Pauls Valley Democrat
firstname.lastname@example.org — The atrocities and crimes committed during the Nazis’ rise to power may be one of the most documented time periods for cinema, but that does not mean that all the great stories have been told. Fiction has allowed some pretty interesting takes on this dark era, including today’s title, which offers a look we might have not thought to take into the lives of citizens under Herr Jerkenstein.
What makes this submission unique isn’t so much the removal of the horrors witnessed, but finding a way to navigate through it with curiosity and at times, a dry and clever humor. We see that none can escape meeting an end one day some way or another, all wrapped around the growth and triumph of spirit by one fascinating individual. “The Book Thief” does not try to hide the fact that it did not really happen, but allows it feel real enough and make one want to be a part of making the wrongs of the world right.
Narrated by the Angel of Death (Roger Allam), or Grim as his pals call him, the story is a clever woven tapestry of first and third person style about a young girl he becomes fascinated, Liesel Meminger (Sophie Nélisse). No longer able to be cared for by her mother (Heike Makatsch), she is taken to live with foster parents, Hans (Geoffrey Rush) and Rosa (Emily Watson) Hubermann.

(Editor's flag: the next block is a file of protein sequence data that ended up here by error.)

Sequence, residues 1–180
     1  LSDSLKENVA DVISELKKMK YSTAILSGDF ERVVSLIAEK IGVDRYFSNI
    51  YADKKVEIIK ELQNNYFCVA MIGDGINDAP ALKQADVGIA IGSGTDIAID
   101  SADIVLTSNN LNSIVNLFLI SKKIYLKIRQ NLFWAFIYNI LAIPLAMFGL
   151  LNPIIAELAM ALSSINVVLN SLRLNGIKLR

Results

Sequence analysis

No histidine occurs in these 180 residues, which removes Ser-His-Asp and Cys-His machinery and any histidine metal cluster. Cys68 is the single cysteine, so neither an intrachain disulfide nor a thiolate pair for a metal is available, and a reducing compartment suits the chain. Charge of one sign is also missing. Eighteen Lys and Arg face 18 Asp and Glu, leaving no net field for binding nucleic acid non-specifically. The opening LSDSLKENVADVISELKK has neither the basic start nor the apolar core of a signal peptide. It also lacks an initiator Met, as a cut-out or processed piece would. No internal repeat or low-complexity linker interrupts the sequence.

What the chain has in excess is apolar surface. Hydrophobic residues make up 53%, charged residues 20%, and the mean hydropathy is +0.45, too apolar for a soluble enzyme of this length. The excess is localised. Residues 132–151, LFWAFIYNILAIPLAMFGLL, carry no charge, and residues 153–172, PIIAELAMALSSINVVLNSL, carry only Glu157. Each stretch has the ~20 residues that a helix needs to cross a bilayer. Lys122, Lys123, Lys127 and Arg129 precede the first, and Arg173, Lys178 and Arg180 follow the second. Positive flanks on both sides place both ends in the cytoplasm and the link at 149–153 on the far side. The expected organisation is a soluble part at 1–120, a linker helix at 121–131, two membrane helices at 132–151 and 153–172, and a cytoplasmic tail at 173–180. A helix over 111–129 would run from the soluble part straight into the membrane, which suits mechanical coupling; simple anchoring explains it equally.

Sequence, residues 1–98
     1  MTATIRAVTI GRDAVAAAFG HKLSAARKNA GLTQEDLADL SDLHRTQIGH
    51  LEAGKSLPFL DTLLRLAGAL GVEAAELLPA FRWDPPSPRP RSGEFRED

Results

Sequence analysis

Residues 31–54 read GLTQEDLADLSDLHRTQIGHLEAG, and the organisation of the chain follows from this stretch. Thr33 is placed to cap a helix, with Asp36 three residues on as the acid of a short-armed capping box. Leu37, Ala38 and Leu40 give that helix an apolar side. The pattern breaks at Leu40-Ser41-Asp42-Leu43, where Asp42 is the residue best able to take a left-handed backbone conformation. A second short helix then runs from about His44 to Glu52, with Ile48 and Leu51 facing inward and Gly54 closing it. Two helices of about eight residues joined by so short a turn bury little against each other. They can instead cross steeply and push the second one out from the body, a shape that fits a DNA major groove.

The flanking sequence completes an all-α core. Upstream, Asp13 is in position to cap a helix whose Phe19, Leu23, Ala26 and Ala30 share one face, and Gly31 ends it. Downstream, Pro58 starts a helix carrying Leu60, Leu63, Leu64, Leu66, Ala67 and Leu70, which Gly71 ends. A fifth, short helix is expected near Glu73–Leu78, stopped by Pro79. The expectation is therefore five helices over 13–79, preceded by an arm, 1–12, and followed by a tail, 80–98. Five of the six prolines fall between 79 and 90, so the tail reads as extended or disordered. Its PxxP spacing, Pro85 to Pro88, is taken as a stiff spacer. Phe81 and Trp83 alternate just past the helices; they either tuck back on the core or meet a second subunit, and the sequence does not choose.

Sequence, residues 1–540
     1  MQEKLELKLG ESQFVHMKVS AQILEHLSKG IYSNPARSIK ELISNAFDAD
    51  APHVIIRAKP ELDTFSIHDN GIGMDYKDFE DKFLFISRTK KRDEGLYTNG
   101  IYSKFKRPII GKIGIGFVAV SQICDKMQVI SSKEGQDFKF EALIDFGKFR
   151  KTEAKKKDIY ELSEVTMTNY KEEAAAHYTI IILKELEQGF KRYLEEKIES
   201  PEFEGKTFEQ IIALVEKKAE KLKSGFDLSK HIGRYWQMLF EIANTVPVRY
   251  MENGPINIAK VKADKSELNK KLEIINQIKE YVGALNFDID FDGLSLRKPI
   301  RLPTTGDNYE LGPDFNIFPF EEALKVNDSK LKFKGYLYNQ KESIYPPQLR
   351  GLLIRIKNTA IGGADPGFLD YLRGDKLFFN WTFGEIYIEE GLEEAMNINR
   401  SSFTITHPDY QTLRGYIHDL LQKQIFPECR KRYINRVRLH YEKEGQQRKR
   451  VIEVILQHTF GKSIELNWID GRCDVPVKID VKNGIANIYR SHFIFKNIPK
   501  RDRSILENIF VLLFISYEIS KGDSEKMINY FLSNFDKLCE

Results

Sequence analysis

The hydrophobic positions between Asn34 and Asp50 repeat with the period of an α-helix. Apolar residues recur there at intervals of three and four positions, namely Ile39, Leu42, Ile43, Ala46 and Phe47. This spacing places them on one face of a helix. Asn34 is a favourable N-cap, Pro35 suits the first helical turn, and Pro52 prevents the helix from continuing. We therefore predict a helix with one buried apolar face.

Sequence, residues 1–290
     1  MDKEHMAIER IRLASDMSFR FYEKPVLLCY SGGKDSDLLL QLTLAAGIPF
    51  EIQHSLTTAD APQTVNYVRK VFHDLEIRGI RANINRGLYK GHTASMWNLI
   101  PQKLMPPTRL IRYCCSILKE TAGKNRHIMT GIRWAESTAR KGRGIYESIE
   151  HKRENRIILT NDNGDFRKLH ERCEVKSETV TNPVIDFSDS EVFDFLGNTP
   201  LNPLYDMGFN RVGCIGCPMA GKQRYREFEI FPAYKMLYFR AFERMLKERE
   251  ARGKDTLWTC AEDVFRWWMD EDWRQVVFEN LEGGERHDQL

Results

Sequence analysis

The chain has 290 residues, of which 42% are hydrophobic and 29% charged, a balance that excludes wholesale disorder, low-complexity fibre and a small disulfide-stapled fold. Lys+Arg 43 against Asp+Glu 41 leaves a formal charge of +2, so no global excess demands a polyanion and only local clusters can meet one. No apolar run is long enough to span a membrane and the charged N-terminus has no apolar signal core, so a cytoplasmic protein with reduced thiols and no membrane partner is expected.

Though our young Liesel is not really keen on doing anything except running away and convinced at first that Rosa is a very unpleasant and bitter soul, she does find kindred spirits in the form of the gentle natured Hans and a young boy in the village named Rudy Steiner (Nico Liersch). She is further convinced to stay when she learns to read from a grave digging manual of all things, and cannot help but feed this new love, even if it means snagging new tales from dangerous places like a Nazi book burning. Risking everything to feed her passion, we catch glimpses of the impacts of the ever encroaching conflict of World War II and even how she deals with the treatment of Jewish people.
I can see why this has become so popular with so many people and again scratch my head when some of the nitpicky complaints by critics include it being too soft on portraying this time period. Another movie with a similar tone that comes to mind that I may have to watch again is “Good,” where quite a few critics rate it oddly low since they can’t stand a portrayal of Hitler’s crew as anything less than the villains in “Indiana Jones.”
I am also again in awe of the genius of John Williams and so far feel reaffirmed in my belief he was robbed of award recognition (to a rather blech effort that it lost to in Gravity’s soundtrack). In some ways this reminds me slightly of the “Diary of Anne Frank” mixed with a lighter Hitler Youth infused “Europa Europa.”
I highly recommend it not just as a good use of one’s time, but as something that spurs discussion in an educational setting. It’s worth a not so morbid four and one fourth out of five reapings for “The Book Thief.”
DVD rental courtesy of Family Video of Pauls Valley.